2. Biosensors to the Rescue

Biosensors comprise a large and rapidly expanding collection of analytical devices that utilize biological components to detect biological and chemical analytes. All biosensors consist of two main components: A biorecognition element and a transducer. Biorecognition elements include antibodies, aptamers, enzymes, cells, and many other biological entities that interact specifically with a biological target. The role of these elements is to react, either chemically or physically, with an analyte of interest in order to indicate its presence in a sample. Since these biological interactions cannot necessarily be directly quantified, a transducer is required to convert these biological events into signals that can be recorded and analyzed in a coherent manner. Transducers may be optical, mechanical, piezoelectric, electrochemical, or any other method that can produce a measurable response.
In comparison to traditional diagnostic methods (e.g., ELISA, PCR), biosensors aim to provide several key advantages that make them ideal for infectious disease diagnosis. The use of highly specific biorecognition elements ensures biosensors have both high selectivity and sensitivity [27]. The minuscule size of these elements allows functionalized surfaces to possess millions of potential interaction sites, leading to large linear response ranges [28]. The use of relatively fast techniques (e.g., impedance) leads to rapid response times, providing results in as little as a few minutes. Biosensors are also typically low-cost, and many have the potential to be miniaturized into portable devices for in-field use [29].
The development of lightweight, portable biosensors for Lyme diagnosis would be invaluable considering that the disease disproportionately affects rural, heavily forested areas more often; these communities, though frequently exposed to the bacteria, often lack the complex equipment required to detect the disease. The current review aims to highlight the recent advances in the development of diagnostic biosensors for Lyme disease, with the goal of providing a clear outline for the future of Lyme diagnosis.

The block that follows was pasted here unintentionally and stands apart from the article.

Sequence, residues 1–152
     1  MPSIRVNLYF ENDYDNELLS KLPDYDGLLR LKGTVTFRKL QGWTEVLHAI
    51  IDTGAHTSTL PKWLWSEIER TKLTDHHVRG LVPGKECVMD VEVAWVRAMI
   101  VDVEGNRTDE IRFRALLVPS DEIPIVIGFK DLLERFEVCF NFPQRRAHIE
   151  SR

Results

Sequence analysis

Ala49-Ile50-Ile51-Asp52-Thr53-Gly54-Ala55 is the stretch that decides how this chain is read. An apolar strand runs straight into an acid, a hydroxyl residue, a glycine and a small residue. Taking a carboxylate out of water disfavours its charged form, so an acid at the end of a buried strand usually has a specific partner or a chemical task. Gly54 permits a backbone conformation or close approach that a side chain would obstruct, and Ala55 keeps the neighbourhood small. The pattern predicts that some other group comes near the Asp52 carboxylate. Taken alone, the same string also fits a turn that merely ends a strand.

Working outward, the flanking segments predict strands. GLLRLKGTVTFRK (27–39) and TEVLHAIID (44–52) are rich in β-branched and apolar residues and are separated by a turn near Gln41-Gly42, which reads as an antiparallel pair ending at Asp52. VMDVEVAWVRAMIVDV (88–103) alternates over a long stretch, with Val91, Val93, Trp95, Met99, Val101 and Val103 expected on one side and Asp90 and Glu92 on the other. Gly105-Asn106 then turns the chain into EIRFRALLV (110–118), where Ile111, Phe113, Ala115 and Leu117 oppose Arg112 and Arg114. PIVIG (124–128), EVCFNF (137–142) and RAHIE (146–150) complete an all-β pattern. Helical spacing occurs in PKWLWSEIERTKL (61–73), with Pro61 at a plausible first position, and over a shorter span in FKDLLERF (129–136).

2.1. Microfluidics

Microfluidics describes the use and manipulation of fluids in the microliter and sub-microliter range for applications in nanofabrication, electronics, cell-based screening, and diagnostics [30]. Within the field of diagnostic development, microfluidic-based devices offer several key advantages, including precise fluid control, minimal reagent use, and analysis of extremely low analyte concentrations [31]. In addition, microfluidic devices can be self-contained and easily deployed as portable devices. These characteristics make microfluidics ideal for use in point-of-care (POC) platforms, where results are obtained relatively quickly during patient assessment.